There Should Be Artwork by Karie Luidens

Mural Eric Ward Unsplash.jpg

Today I heard something I really needed to hear right now.

I’m accustomed to the idea that creative types like me—writers, artists, filmmakers, designers—have a certain ability to influence society… but it only goes so far. We tell stories. We raise consciousness. We foster conversations. Cumulatively, over time, we can shift how people view the world and the language they use to describe it. And eventually these shifts can add up to meaningful action, that is, the sort of action that goes beyond abstract words and images and actually changes people’s lives.

Ultimately, though, power is wielded by those in specific positions of authority: elected officials, judges, law enforcement agents. Right? Why else would millions of average Americans feel so desperately frustrated these days as they read about human rights abuses within our country? We feel powerless. We’re at a loss as to how we can intervene.

It’s enough to drive you to despair.

But that doesn’t mean you should stop what you’re doing.

Keep writing. Keep expressing. Keep telling stories and sparking discussions, loud and clear, day by day. The keywords to describe the effect of this work may be “cumulatively, over time,” but in the grand moral arc of the universe, what change is more real than that?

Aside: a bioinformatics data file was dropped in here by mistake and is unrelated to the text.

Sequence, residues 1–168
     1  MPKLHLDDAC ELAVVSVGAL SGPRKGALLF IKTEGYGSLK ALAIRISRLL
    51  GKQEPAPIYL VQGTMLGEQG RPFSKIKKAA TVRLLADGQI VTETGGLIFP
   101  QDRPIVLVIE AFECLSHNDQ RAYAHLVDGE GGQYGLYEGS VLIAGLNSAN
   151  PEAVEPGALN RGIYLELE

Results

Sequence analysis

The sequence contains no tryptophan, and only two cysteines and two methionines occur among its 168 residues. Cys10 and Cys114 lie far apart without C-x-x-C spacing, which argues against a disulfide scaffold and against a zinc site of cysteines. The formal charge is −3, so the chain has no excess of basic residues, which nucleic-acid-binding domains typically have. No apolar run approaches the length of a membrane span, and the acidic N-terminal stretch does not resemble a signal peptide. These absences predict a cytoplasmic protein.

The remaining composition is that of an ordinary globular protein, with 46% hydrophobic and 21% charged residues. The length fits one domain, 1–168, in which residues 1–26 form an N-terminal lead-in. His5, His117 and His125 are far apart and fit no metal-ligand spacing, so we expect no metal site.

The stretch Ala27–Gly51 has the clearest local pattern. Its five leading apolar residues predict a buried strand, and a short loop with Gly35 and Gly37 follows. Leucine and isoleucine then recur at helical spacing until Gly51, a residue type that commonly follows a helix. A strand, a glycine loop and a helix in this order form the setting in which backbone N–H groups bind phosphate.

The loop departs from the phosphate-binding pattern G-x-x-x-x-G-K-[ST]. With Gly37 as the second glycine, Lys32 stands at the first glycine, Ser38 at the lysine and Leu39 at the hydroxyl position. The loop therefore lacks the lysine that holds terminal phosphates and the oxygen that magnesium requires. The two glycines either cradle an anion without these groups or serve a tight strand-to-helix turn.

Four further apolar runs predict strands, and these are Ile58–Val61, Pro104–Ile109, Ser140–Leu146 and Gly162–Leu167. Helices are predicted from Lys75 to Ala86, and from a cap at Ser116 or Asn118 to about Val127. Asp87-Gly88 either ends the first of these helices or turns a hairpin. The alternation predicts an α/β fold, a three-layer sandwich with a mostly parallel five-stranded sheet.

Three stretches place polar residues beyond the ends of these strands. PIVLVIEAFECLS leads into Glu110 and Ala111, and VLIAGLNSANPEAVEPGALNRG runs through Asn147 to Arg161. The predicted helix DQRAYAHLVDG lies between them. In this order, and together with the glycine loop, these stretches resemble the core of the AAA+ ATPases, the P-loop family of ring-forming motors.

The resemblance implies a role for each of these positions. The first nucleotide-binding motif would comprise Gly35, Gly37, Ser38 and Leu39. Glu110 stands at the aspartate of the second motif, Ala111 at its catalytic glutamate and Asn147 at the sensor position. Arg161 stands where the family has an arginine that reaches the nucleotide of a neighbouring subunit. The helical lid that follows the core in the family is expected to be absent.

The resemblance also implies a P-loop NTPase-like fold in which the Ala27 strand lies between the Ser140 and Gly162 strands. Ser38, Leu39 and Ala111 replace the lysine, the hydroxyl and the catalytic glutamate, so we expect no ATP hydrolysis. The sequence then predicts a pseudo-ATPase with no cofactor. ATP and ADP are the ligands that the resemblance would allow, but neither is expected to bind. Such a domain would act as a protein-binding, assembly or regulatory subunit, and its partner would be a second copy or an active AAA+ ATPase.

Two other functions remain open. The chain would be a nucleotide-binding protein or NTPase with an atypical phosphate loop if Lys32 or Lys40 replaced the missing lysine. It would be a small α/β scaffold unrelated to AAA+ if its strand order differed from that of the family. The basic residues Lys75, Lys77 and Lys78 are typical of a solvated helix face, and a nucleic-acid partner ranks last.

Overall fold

This burst of grim optimism, coming on the heels of a few weeks of personal despair and paralysis, is brought to you by Warren Binford, the same lawyer who made headlines last month when she and her colleagues blew the whistle on how the U.S. is “warehousing” children in concentration camp conditions. She hasn’t stopped blowing her whistle: she’s continuing to give interviews far and wide as time goes by, refusing to allow the issue to lose media attention and drop from the national conversation.

I heard her speak again this morning while I was doing chores around the house, listening to a podcast. Here’s one of the thoughts she leaves us with toward the end of her interview on Pod Save America’s episode this past Monday, July 8 (1:18:54):

I think that every person in this country should be trying to amplify these children’s voices. We have dozens of declarations from these kids publicly available that people can quote from. There should be artwork, people should be renting billboards and putting these children’s quotes about being hit by guards, being grabbed by guards, having, you know, they had to put a diaper on a six-year-old, an older brother had to put a diaper on his six-year-old brother because they won’t let the children go to the bathroom at night.